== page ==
Most of you graduating here today struggled against one or more of the impediments or obstacles I’ve mentioned in order to reach this hill top. When completing a long climb, one first experiences dizziness, disorientation and shortness of breath due to the high altitude, but once you become accustomed to the climb, your mind opens up to the tranquility of the triumph.

As is often the case, those that follow most often enjoy the results of the progress you gained. You love the university enough to struggle with it. Now, I have to ask you that you have to continue to do that even now that you received your demands. Even if you are walking today, you have to continue to do that. Everything that you fought for was not for yourself. It was for those that come after. You could have been disgruntled and transferred, but you fought to be participants in making this institution the best that it can be.

Your freedom of speech was exercised in a way where you can contribute to this place. It also shows that you can contribute to the democracy. The administration and the campus police at the time when I was protesting were not nearly as open-minded as this current one. I know this was a difficult time, but because of both of you, I believe Howard is a few steps closer to the actualization of its potential, the potential that many of us have dreamed for it. Students, your protests are also promising because many of you will leave Howard and enter systems and institutions that have a history of discrimination and marginalization. The fact that you have struggled with this university that you love is a sign that you can use your education to improve the world that you are entering.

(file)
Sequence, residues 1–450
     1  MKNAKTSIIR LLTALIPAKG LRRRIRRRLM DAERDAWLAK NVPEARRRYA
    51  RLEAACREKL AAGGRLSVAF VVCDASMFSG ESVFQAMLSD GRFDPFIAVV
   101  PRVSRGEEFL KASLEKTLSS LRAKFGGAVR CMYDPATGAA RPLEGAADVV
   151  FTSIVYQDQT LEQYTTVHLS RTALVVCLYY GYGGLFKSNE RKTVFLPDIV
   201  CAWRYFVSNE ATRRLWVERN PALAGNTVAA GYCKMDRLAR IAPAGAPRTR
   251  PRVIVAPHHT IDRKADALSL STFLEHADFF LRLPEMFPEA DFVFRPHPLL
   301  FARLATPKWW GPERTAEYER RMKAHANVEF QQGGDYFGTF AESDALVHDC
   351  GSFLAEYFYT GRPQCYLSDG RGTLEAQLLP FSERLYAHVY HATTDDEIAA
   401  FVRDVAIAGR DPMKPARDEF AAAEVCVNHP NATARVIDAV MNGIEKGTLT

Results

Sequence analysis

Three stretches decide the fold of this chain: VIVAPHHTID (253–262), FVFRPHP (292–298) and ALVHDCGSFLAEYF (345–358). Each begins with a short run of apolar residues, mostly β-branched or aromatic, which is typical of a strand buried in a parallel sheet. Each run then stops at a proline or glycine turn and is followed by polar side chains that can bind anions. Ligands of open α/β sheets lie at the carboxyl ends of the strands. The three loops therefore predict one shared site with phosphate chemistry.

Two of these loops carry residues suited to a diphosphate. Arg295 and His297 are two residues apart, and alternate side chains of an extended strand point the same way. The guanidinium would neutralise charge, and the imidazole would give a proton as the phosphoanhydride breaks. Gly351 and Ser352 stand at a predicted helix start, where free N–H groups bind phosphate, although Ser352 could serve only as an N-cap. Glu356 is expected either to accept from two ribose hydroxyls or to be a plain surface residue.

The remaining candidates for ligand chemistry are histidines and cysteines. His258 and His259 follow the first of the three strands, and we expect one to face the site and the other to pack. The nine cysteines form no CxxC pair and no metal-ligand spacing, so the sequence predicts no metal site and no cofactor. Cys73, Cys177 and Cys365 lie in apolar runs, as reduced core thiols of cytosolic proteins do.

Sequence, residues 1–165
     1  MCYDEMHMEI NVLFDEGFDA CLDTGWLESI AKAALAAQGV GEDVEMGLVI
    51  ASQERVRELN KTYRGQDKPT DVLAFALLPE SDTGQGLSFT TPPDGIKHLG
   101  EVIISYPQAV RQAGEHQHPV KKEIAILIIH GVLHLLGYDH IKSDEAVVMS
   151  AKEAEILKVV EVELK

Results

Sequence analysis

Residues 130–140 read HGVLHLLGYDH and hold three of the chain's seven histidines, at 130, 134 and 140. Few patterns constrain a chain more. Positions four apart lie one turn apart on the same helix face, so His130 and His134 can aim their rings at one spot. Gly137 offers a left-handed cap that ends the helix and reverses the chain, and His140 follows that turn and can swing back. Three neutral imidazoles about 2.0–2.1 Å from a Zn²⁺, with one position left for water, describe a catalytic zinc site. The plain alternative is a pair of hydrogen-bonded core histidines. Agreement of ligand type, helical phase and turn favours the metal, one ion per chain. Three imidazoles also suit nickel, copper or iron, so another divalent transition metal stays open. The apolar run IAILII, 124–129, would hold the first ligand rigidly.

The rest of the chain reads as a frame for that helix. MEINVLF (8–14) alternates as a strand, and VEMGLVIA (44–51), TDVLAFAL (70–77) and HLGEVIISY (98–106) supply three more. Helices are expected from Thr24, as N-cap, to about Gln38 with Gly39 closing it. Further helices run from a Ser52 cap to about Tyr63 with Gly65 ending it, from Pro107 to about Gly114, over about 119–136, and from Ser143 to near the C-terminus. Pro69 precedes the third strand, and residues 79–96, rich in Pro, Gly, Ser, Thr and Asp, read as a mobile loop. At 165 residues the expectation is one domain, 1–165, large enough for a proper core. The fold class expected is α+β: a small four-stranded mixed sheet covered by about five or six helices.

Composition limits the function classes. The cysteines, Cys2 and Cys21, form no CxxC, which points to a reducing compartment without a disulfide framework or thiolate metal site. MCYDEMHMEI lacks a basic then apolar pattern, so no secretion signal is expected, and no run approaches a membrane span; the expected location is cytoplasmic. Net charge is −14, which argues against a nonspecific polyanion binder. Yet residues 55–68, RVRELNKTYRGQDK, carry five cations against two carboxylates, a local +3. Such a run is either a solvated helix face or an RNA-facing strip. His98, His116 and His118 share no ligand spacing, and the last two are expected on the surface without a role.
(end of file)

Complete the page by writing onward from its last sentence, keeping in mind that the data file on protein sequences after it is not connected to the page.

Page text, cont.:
…execs of the show called me into their offices and told me how happy they were with my performance. They wanted me to be around for a long time. They said if there was anything that I needed, just let them know. That was my opening. I decided to ask them some simple questions about the background of my character, questions that I felt were pertinent to the plot. Question number one: Where is my father? The exec answered, “Well, he left when you were younger.” Of course. Okay. Okay. Question number two: In this script, it alluded to my mother not being equipped to operate as a good parent, so why exactly did my little brother and I have to go into foster care? Matter-of-factly, he said, “Well, of course she is on heroin”.

That could be real, I guess, but I didn’t want to assume that’s what it was. If we are around here assuming that the black characters in the show are criminals, on drugs and deadbeat parents, then that would probably be stereotypical, wouldn’t it? That word stereotypical lingered. …I was let go from that job on the next day.

…But am I actually black balled. We are hesitant about sending you out to some people right now because there is a stigma that you are difficult. As conflicted as I was before I lost the job, as adamant as I was about the need to speak truth to power, I found myself even more conflicted afterwards. I stand here today knowing that my Howard University education prepared me to play Jackie Robinson, James Brown, Thurgood Marshall and T’Challa.